QUEST: Nic, the president -- sorry, the Prime Minister says we'll keep going until we've done what we need to do, I'm paraphrasing there, but

that's the gist of it. But at the same time, the U.S. President says significant de-escalation and work towards a ceasefire. Now, are those two

statements between President and Prime Minister, are they mutually exclusive?

ROBERTSON: So, let's judge this by the foot power of the Israeli population of Ashdod where we are. Just over my shoulder there, you can see a tower

block. Now, we've watched that every night. We do. There were many more lights on it tonight than there were last night.

When we were driving back from where we were close to the border with Gaza before, there were a lot more cars on the road. What we are seeing around

us here is the metric of people that seem to be sort of coming back into life a little bit more in this town where they've been running for shelters

has been hit several times a day by missiles in several different locations.

There seems to be a confidence in people emerging here that there's a sense for them that this is coming to an end. So they would not see a disparity

between what their prime minister is telling them, that he's going to deliver them and he won't stop until he's delivered them their safety and


And what President Biden, which he's saying, you know, a de-escalation today and a path to, you know, a path to resolution here. So, I think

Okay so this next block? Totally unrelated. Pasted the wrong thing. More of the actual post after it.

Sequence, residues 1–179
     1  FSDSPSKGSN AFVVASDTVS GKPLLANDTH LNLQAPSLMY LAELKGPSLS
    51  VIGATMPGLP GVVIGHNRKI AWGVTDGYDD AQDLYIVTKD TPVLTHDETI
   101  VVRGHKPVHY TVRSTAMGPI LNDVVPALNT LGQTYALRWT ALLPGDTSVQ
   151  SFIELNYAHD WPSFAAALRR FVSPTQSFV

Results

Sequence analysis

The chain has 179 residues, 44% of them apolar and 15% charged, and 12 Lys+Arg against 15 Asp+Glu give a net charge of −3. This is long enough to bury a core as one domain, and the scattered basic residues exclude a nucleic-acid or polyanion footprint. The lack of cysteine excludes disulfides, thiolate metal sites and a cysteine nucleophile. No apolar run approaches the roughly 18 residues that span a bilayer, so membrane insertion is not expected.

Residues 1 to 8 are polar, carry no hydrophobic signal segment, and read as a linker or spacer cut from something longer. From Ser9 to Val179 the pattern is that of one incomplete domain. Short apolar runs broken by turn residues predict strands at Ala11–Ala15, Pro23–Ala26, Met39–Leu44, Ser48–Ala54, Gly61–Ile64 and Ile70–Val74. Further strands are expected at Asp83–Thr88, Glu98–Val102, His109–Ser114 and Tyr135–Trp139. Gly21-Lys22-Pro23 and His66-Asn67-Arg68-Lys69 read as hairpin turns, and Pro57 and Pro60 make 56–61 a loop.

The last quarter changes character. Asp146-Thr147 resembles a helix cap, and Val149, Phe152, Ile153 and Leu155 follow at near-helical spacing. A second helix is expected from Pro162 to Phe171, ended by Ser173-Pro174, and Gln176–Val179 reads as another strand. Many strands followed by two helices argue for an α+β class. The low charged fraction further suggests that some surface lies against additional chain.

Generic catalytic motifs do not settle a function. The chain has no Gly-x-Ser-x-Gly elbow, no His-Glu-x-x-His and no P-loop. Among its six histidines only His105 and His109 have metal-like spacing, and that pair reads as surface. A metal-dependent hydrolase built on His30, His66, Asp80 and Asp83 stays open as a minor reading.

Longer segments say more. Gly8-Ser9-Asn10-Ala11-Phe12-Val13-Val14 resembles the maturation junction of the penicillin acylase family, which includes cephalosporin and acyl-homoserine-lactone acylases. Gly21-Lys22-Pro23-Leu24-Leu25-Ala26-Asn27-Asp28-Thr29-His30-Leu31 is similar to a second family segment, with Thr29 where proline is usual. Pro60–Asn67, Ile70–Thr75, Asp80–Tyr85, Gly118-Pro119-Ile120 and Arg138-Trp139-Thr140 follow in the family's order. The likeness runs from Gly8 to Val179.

there's a real potential, and of course all of this with those jets flying overhead. I think there's a potential here for, yes, some more strikes

tonight, but the confidence of the population is returning. And that seems --

QUEST: Right --

ROBERTSON: To indicate, they think, that there's a resolution nearer and it could all change. But that's where we are at this moment.

QUEST: We'll leave it there, Nic, because if that's correct, then a whole raft of further questions follow on. But let's wait until we get there, and

we can ask them. Nic, good to have you as always, stay safe in Ashdod in Israel. Thank you, sir. Now, to the markets, a bit of a grim day.

They closed eight minutes ago, lower for a third-straight day. The Dow is off at session lows, inflation fears and a big sell-off, although it was

well off the bottom of the day. Paul La Monica is here. Why were things so awful? Why have they been so awful for the last two or three days?